Yesterday I was reproached, discreetly and privately, for my tone in the post inquiring after the dumbest AP style rule. So let me say, directly and publicly, that I have met David Minthorn, Darrell Christian, and Colleen Newvine on their visits to American Copy Editors Society conferences, and I can attest that they are serious, amiable, well-meaning professionals, not at all the sort who would, as someone quoted P.G. Wodehouse, walk over your face in thick shoes.
All the same, there are aspects of the Associated Press Stylebook that mirror the hidebound traditions and practices that continue to hobble newspaper journalism.
You know the sort of thing I refer to, if you still read newspapers: the slavish lathering of empty-headed celebrities; the tedious accounts of public meetings, because it's the easiest coverage of "news" to get because the public has a sacred Right to Know, no matter how dull or pointless; the superficial, slogan-ridden political coverage; the strained arabesques of feature stories that attempt literary effects; the banality of columnists' making fodder of commonplace events or cannibalizing their spouses and children for copy.*
Similarly, the AP Stylebook is, in part, a repository of similar stale artifacts. The split-verb superstition. The over/more than rule. The injuries-can't-be-sustained rule. The things that lead copy editors to imagine that enforcing bogus rules and usage superstitions constitutes editing.**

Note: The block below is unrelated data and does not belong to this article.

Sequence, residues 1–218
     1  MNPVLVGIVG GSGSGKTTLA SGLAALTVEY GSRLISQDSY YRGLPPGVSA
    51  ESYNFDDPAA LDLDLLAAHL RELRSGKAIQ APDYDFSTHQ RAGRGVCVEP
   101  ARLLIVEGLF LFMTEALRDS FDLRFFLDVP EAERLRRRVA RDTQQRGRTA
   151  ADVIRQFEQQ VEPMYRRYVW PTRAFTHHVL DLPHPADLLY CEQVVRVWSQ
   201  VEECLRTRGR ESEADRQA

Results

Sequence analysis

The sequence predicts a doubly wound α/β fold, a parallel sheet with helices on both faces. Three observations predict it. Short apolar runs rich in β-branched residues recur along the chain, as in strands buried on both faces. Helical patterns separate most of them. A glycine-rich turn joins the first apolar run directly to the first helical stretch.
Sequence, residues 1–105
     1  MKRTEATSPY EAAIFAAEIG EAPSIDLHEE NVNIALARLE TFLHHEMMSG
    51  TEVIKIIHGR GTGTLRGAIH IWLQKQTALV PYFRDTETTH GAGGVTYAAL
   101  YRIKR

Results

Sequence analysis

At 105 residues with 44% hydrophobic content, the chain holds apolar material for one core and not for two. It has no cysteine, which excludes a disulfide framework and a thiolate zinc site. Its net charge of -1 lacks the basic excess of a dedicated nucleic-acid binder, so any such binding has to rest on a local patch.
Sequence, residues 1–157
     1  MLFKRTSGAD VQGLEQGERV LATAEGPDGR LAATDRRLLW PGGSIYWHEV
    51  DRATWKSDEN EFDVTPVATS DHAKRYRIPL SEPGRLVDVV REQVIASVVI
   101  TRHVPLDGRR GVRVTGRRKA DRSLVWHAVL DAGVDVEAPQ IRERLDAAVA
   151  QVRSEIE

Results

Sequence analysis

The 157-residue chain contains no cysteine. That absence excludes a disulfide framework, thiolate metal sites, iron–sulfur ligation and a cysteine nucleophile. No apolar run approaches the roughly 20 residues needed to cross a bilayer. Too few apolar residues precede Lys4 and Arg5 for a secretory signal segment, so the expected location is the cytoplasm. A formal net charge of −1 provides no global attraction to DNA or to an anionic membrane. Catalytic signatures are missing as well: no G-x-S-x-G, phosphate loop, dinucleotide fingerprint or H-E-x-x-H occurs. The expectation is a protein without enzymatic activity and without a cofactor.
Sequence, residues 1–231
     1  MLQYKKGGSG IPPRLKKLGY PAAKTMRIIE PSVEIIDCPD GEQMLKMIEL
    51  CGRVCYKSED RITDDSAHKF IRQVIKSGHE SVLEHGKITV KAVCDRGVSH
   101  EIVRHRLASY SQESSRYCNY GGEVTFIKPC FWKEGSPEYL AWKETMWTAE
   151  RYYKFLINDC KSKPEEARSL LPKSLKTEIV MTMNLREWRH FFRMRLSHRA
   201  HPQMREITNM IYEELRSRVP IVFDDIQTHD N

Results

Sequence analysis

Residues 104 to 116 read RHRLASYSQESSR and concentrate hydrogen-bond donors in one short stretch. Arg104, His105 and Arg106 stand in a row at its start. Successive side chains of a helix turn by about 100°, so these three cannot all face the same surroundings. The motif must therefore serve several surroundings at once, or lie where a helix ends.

And why? Inertia. It's not that any of the points on which I have been tweaking the AP Stylebook on this blog for the past seven and a half years are at all novel. Merriam-Webster's Dictionary of English Usage dates from 1994, Bryan Garner's first dictionary of American usage from 1998. Theodore Bernstein demolished the over/more than superstition in Miss Thistlebottom's Hobgoblins in 1971. Yes, 1971. It's not as if all this information about language has been locked away in a vault somewhere, waiting for a Bradley Manning or Edward Snowden to bring it to light.
The people who hold these shibboleths clutch them close. If the AP Stylebook had the temerity to sweep away some of this rubbish, there would be resistance, perhaps not torchlight processions with pitchforks, but certainly mulish resistance. And, of course, there would be no change in behavior from the copy editors who are still using the stylebook and dictionary they were issued in 1986.
So today, in recognition of the difficulties in revising outdated and misguided entries, and then getting the changes accepted by the users, I will eschew snark, resorting instead to a hopeful exhortation to the editors: Man up.
*Yes, I understand that you can get all those things, and worse, on the Internet, but newspapers are supposed to be better than that because we are Professional Journalists.
**It is only fair to point our that journalism schools bear equal responsibility in this conspiracy against idiomatic English in favor of journalese.